SPONSORED:

Don't let China turn the Wuhan virus narrative to its advantage

Don't let China turn the Wuhan virus narrative to its advantage
© Getty Images

At the end of February, Chinese Communist Party (CCP) propaganda underwent an important narrative shift and began to blame the United States for mishandling the outbreak of the Wuhan coronavirus, even insinuating that the COVID-19 disease originated in America. The Chinese Communist regime now triumphantly postures as the country that is showing the world how to deal with a lethal plague that actually spread because of its callous denial of warnings by responsible medical authorities and the regime’s suppression of information deemed threatening to the reputation and stability of Xi Jinping’s surveillance state.  

With deaths from the virus now greater in the rest of the world than inside China, Chinese officials portray the CCP as coming to the rescue of Italy and other countries suffering from the spread of the virus, claiming China is now the “safest” and “most desirable country in the world.” Chinese authorities say the threat of the virus comes from other countries, thus trying to shift its identity away from its genesis. 

Indeed, facts cited every day show China as victorious over the plague and reinforce the perception that the CCP’s heavy-handed tactics — and its entire individual rights-denying and dictatorial system — are rational, well-suited to the challenges and mentality of postmodern society.

ADVERTISEMENT

But in the face of China’s ruthless propaganda onslaught, we must not lose track of the truth, our principles, or our resolve. The viral outbreak is China’s responsibility, and China’s willfully botched response in its early phases led to a pandemic, with huge loss of life that only now is beginning — in China and around the world. No one knows the extent to which the pandemic will continue to spread, including inside China.

It is not true that China has returned to “business as usual” because of the putative wisdom and efficiency of Xi’s regime. In fact, the virus has led to one of the worst economic setbacks the Chinese economy has ever faced, one affecting the global economy as well. Factories came almost to a halt, because migrant workers who left for New Year celebrations could not return to their workplaces, thus impeding production and China’s trade capacity. The current export outlook of China remains under the shadow of the continuing spread of the virus. 

The International Monetary Fund (IMF) has dragged China’s annual growth 0.4 percentage points lower than previous estimates, and has warned that global economic growth could be reduced by 0.1 percent this year. S&P Global Ratings revised its Chinese 2020 growth forecast to 5 percent, down from 5.7 per cent, saying the impact of the Wuhan virus outbreak could take a heavy short-term toll. According to economist David Kotz, a professor emeritus at the University of Massachusetts, the global economic scenario has not been promising in the past few years, especially for China, and given ongoing uncertainty in the global market, the pandemic could lead to a global recession.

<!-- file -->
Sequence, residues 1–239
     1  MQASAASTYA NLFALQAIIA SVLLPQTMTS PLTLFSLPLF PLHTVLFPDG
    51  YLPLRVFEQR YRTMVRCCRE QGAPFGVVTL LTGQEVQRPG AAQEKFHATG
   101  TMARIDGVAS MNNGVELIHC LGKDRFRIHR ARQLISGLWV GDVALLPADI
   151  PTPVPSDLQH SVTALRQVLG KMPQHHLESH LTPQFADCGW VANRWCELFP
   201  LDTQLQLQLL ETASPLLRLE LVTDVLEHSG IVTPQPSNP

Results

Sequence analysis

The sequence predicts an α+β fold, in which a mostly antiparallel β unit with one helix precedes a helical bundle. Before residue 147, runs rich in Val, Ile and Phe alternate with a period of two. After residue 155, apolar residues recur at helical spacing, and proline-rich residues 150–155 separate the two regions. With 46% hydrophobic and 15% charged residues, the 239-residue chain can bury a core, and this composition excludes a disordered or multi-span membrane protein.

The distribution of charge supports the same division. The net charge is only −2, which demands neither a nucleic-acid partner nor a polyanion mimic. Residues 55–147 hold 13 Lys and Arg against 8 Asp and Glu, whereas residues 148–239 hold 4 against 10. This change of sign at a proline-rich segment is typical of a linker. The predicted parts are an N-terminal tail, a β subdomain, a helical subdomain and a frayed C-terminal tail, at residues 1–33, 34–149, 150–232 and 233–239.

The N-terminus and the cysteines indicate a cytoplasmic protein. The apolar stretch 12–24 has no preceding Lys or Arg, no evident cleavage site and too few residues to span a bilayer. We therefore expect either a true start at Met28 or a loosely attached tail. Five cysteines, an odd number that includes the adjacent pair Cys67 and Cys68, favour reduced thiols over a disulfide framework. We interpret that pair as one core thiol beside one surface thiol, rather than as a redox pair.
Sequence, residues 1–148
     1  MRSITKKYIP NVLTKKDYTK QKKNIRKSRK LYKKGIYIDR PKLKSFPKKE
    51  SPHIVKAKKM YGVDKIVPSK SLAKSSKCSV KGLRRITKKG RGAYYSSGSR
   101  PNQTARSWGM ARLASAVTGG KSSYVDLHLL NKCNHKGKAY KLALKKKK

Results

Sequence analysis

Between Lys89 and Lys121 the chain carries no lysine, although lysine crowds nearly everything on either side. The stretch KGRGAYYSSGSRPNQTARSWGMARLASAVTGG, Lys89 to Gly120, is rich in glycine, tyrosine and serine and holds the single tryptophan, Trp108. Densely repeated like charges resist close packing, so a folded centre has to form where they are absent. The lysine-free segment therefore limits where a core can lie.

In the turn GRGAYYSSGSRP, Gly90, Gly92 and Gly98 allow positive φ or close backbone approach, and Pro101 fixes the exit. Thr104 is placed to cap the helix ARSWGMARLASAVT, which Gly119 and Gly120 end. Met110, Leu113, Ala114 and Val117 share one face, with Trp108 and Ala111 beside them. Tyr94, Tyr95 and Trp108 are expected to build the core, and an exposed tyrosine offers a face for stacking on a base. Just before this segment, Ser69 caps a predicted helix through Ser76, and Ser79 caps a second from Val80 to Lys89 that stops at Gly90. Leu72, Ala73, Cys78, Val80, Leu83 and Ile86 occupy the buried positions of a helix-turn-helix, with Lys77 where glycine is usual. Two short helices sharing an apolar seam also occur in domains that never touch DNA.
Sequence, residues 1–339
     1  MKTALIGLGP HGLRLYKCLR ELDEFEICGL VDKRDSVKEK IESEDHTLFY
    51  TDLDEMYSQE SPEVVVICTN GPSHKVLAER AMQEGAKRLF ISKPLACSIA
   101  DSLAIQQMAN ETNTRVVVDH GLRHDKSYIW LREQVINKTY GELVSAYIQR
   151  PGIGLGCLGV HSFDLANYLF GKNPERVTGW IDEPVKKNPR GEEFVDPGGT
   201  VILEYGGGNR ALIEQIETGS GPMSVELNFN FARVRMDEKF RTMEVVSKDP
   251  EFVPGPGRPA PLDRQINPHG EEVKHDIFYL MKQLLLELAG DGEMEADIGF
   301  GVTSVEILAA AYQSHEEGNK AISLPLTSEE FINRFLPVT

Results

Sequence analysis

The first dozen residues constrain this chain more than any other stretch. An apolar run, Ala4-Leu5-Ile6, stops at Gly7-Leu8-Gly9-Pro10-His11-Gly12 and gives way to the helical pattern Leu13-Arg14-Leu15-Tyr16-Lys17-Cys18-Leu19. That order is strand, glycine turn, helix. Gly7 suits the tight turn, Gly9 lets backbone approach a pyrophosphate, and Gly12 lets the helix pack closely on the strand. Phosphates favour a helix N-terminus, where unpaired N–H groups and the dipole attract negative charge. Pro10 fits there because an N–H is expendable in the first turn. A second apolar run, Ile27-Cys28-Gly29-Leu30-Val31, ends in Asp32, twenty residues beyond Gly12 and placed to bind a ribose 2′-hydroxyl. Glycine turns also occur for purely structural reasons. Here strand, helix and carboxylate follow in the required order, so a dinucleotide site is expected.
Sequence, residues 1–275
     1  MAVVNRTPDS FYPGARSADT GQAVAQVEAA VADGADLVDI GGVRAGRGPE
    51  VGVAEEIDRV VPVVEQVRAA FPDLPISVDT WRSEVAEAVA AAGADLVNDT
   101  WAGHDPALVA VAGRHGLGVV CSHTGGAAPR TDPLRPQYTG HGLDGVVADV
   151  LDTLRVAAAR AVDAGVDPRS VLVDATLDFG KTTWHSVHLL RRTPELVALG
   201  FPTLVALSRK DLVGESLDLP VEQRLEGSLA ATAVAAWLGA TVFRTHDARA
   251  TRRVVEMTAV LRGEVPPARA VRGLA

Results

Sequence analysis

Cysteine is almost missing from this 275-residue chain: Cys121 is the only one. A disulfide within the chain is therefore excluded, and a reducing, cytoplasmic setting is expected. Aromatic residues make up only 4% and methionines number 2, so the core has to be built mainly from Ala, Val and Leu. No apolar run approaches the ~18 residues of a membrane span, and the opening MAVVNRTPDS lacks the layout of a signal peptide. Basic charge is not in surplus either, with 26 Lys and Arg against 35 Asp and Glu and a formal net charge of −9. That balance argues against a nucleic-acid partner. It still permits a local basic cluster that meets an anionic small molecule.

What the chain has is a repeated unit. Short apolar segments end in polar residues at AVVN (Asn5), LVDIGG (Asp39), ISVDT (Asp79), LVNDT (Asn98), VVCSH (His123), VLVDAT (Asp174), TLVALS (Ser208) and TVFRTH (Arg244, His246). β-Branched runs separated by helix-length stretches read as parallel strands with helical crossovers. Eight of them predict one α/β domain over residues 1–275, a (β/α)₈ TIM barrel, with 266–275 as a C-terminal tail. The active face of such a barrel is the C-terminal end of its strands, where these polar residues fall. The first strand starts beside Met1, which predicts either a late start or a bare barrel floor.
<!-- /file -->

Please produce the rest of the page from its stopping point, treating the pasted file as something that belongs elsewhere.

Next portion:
While the Chinese authorities have been claiming that the negative impact of the virus outbreak will be short term, the failure of Beijing’s measures to minimize proliferation of disease has made investors worried on two counts. The first one is that, two months after the onset of the epidemic, the number of people infected with the virus in China and around the world is increasing. Secondly, it has exposed China’s vulnerability to health hazards. The Chinese government’s handling of this crisis in its initial stages — suppressing the flow of information that citizens needed to protect themselves and harassing whistleblowers — illustrates how the CCP would handle future crises.  

Restricting the flow of people, strengthening surveillance on quarantine subjects, isolating patients and extending New Year holidays created panic in Chinese society, because of widespread confusion, fear and uncertainty. People have suffered from shortages of medical supplies, and shopping for groceries is a source of deep anxiety. Orders to close public spaces, imposed with no honesty or transparency, have aggravated this panic.

ADVERTISEMENT

Social media around the world reflect that the Chinese people — who are among the primary victims of this crisis — are subjected to collective guilt because of the malfeasance of their rulers. Social media are filled with hate language against Chinese. Normally unacceptable slogans such as “No Chinese Allowed” in public places are seen in many parts of the world, underscoring the anger of people affected by the crisis. Locals in the Zaisan district in east Kazakhstan, a region bordering China, protested in February against housing virus-infected patients from China.  

Despite the deceitful rhetoric emanating from China’s propaganda machine, the country’s international reputation is plummeting, which lamentably tarnishes citizens and civil society along with the government. And while the leaders and civil society of democratic countries must hold the Chinese state to account for the global pandemic and its economic consequences, we owe the people of China our sympathy and solidarity.

Jianli Yang is founder and president of Citizen Power Initiatives for China, a Tiananmen Massacre survivor, and a former political prisoner in China. 

Aaron Rhodes is president of the Forum for Religious Freedom–Europe and author of “The Debasement of Human Rights” (2018).